I wasn’t expecting the scammers to call so quickly.
But I WAS expecting the scammers.
Sure enough, phone call. Looks like a local 518 call on my caller ID. But I know the scammers can spoof those things. For all I know, they could post a caller ID as 867-5309, and the person who answers could be named Jenny.
Recording equipment ready.
Lady answers. Asks to confirm my car.
I told her I drive a 2010 Chevrolet Cobalt. She struggles with the word “Cobalt.”
She asks me how many miles are on the car. “85,000,” I lied.
She then asks for my zip code. I told her I live in Latham. Hey, she believed everything else I said about my car. Heck, maybe next time I’ll tell them I drive a 2019 McLaren. I have no shame.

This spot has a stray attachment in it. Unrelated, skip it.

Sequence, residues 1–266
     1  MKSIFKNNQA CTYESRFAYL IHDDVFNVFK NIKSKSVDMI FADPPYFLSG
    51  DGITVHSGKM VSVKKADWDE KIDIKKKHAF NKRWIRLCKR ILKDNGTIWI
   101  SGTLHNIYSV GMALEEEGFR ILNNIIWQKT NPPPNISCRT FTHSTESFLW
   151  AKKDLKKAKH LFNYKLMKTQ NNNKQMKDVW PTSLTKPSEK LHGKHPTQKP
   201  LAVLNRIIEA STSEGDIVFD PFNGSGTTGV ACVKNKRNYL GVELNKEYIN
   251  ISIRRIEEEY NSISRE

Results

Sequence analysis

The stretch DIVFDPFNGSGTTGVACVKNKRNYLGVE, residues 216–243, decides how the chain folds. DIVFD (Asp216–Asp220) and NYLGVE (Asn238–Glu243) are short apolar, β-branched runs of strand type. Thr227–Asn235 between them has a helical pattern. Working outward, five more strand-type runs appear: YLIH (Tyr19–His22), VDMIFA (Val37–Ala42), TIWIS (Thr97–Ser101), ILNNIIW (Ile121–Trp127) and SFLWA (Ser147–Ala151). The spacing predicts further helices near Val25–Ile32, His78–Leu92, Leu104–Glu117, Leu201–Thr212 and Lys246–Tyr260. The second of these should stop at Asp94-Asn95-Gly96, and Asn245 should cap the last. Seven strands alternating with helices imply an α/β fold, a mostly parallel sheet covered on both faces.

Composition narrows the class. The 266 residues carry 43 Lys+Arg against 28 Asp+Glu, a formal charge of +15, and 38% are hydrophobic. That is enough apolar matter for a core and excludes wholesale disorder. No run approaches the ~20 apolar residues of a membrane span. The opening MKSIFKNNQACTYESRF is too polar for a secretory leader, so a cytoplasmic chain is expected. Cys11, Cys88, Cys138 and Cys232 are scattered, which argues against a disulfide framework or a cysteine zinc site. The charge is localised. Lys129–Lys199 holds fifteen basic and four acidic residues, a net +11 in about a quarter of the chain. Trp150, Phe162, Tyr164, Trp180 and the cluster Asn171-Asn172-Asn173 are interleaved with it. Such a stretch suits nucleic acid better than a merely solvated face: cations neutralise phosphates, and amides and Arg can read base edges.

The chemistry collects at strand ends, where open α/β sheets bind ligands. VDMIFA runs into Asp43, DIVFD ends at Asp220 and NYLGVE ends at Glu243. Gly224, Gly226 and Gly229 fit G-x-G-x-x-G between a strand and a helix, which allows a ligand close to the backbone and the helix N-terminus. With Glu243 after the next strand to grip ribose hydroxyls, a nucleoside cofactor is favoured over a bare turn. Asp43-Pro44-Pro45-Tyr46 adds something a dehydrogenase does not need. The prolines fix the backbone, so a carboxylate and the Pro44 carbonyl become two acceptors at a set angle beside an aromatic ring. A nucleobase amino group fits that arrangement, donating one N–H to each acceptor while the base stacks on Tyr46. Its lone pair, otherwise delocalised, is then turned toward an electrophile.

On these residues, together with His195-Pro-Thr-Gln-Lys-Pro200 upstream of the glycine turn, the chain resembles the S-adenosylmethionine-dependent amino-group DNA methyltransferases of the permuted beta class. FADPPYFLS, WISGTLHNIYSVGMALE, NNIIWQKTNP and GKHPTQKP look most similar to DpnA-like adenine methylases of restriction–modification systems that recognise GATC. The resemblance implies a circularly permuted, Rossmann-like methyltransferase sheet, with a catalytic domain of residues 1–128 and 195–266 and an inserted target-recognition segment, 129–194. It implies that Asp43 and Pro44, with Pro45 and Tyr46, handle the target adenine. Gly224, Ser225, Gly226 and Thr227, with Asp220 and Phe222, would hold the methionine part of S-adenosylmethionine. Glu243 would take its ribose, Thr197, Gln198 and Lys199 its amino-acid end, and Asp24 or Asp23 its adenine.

I get transferred to a sales person, who immediately asks me why I have been operating my car without an extended warranty.
I immediately tell him why. Because I take my car out to the dirt track on Friday nights, in a “Drive what you Drove” race, where all the cars are street legal vehicles. And I’m usually battling a guy named Cross-Eyed Johnson on the track, and I just kept going on with that over and over.
Trust me, I was this far away from doing my best “boss radio” spot with eight great nitro-burning FUNNEE CARZZZZ!
Afterward, the guy asked me how long it took for me to come up with that story.
Okay, that’s fine. I’m done with him. Told them not to call me back. Buh bye.
Oh, and in case you’re thinking to yourself, “Audio or it didn’t happen.”
I got’cha covered.
Today, scammers, I was nice to you.
Tomorrow … who knows?